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The Boxcar Children 1-4 (The Boxcar Children, #1-4)
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The Boxcar Children 1-4 (The Boxcar Children #1-4)

4.16 of 5 stars 4.16  ·  rating details  ·  5,160 ratings  ·  158 reviews
The paperback editions of The Boxcar Children Mysteries: #1, The Boxcar Children; #2, Surprise Island; #3, The Yellow House Mystery; and #4, Mystery Ranch are offered together in a cardboard case.

Book Details: Format: Box Set Publication Date: 9/1/1990 Reading Level: Age 7 and Up
Paperback, 128 pages
Published September 1st 1990 by Albert Whitman & Company (first published January 1st 1942)
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May 01, 2013 Shana rated it 5 of 5 stars
Shelves: zelda
I remembered loving these books as a child, especially the first and so recommended it to my 8 year old. That was 2 months ago. We read the first 4 together, she has read another 15 on her own. She says she loves them!

Of course, it happens that #19 is the last written by Gertrude Chandler, so perhaps the tone will change.
my daughter likes the mysteries, the adventure, and says she prefers the "historical" stories like Surprise Island, the Bicycle Mystery, Benny Uncovers a Mystery, Treehouse Mys
Krista Wayment
Sep 16, 2011 Krista Wayment rated it 5 of 5 stars
Recommends it for: Young Readers who like mystery
My Rating/Reviewing MO

When I was younger I hated reading. Bless my mothers heart she struggled so much to teach me. Then we picked up the boxcar children and started reading them out loud to each other.

I fell in love with reading after this and that summer devoured everything I could get my hands on.

This is the story of a group of siblings that find themselves living in a boxcar. It is amazing to see their resourcefulness and loyalty to each other. They even solve a mystery. I recommend these b
These books were my first reads from a public library. I still remember my mother walking me into the library for the first time and helping me pick out some books. I was in awe of the place. I remember that I initially liked these books because they were about children having an adventure on their own. We used to build forts in the back yard and on my grandpa's farm, so when I read about these kids living in a boxcar, I could immediately imagine what it must be like to make a home for yourself ...more
I LOVED LOVED this series. This was the best series. I think the old books are really great. I read the first 4 books. I am anticipating to read the 5th one. I bought it with money my Granny gave me. I can't wait to read it. I know it will be good. That's all I have to say about this book.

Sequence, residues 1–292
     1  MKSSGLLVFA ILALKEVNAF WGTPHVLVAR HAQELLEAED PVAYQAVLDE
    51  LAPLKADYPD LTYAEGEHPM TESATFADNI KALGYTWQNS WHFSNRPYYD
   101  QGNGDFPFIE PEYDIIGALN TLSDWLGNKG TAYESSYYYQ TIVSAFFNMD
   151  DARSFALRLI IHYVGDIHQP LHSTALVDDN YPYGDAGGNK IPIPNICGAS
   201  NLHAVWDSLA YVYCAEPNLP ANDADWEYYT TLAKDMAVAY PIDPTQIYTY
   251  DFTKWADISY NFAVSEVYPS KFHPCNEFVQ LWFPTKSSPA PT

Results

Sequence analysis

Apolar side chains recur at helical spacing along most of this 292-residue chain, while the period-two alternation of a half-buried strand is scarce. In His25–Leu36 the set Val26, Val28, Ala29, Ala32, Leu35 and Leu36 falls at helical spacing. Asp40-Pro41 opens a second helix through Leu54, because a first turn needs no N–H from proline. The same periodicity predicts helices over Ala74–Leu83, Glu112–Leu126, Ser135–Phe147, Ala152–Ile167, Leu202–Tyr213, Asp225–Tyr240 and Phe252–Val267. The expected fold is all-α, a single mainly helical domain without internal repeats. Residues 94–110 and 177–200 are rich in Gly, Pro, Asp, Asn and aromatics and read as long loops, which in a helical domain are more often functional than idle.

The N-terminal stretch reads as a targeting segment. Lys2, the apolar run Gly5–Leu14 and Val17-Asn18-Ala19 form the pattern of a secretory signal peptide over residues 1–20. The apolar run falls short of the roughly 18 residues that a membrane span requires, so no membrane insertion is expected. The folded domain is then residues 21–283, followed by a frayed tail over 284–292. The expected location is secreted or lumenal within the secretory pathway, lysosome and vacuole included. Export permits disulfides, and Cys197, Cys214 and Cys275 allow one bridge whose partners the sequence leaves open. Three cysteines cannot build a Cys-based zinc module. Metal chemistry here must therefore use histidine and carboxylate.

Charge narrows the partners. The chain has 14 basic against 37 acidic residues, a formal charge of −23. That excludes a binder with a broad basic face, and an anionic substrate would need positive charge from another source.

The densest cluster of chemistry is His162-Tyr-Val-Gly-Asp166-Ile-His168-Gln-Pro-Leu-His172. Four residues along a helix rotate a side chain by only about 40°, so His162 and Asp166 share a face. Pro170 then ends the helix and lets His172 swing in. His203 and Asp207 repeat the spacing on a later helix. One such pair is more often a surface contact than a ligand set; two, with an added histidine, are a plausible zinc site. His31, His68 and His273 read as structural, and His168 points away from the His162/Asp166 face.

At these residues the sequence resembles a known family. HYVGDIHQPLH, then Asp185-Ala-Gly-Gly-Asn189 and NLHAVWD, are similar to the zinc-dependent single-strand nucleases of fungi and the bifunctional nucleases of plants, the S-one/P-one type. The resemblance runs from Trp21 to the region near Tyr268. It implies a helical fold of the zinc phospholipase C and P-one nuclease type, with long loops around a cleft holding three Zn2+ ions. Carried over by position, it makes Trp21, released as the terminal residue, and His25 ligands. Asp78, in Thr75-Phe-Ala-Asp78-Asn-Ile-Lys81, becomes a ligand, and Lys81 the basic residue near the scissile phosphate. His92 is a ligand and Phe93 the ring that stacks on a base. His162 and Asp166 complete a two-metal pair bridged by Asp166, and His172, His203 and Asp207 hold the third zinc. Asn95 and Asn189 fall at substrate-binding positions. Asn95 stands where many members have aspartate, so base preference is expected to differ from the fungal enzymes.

As a child, I read these first 4 books of the series, over and over. My elementary school librarian joked that the library's copies might as well have been mine.

I hope my own daughter will find the same enjoyment in these books when she is older.

I grew up loving these books. They were a staple in my reading list. My daughter brought one home from the library recently and I hope she can find the story as interesting as I did in my youth. A great series.
My very favorite series as a child. I especially loved the first book. My sisters and I used to play "Boxcar Children." :) My kids have all loved these books as well...the original series that is.
Dana Goodmon
I loved these books growing up and always got so excited for book fairs so I could buy the next one! I think a re-read is in order to relive these books of my childhood!
I really loved these books when I was younger, now I can read them in about 30 minutes but they are great for a young reader or just a quick read.
Elementary school.. I loved these books.. they let my little self go on an adventure .. I still remember the thrill :)
I loved the first one, but it stopped being fun once they stopped living in a train and started being millionaires.
Jul 10, 2012 Haley rated it 4 of 5 stars
Recommends it for: Mia Thomas
Recommended to Haley by: Colleen C.
Set in the Midwest in the 1940s, The Boxcar Children by Gertrude Chandler Warner is the story of four orphaned children, who are running away from their grandfather and are looking for a place to live. Henry, Jessie, Violet, and Benny Alden are the grandchildren of James Henry Alden, a wealthy manufacturer.

Looking for food and a place to sleep, they went to the bakery to buy bread. The baker’s wife agrees to allow them to stay and work for her, but secretly she plans to send Benny to the orphan
These books are written for ages 7 and up, and is really written for them. Written by a teacher, and using the most simple and common words in the English language for the purpose of teaching proper grammar and spelling, Ms. Warner also knew what kids of this age were beginning to fantasize about-- a world without adults, but with the safety net of good friends (or in this case family); the idea of running away; exploring grief; the wilderness; testing the limits of society, and the necessity of ...more
When I think of reading in elementary school, it is The Boxcar Children books that come to my mind. In fact, I wrote my first book report on the first book in the series (you know, the one with the red boxcar on the front?). I still remember the names of the Alden kids: Jessie, Ben, Violet and Henry (and no, I didn't have to look that up) and can vividly recall their adventures.

These books call to the adventurous spirit in all children - I wanted to set off on my own, live off the land. I could
I loved The Boxcar Children as a child and now my children love them, too! Simple plots, like-able characters and fun adventures. Our family loves these classics!
I thought this is a good book for little kids to have some mystery and fun in their reading. I think anybody who reads these books will just want to keep on reading
This series was one of my favorite that kept my interest and kept me reading for pleasure.
I recommend the Boxcar Children adventures for ages 10-13.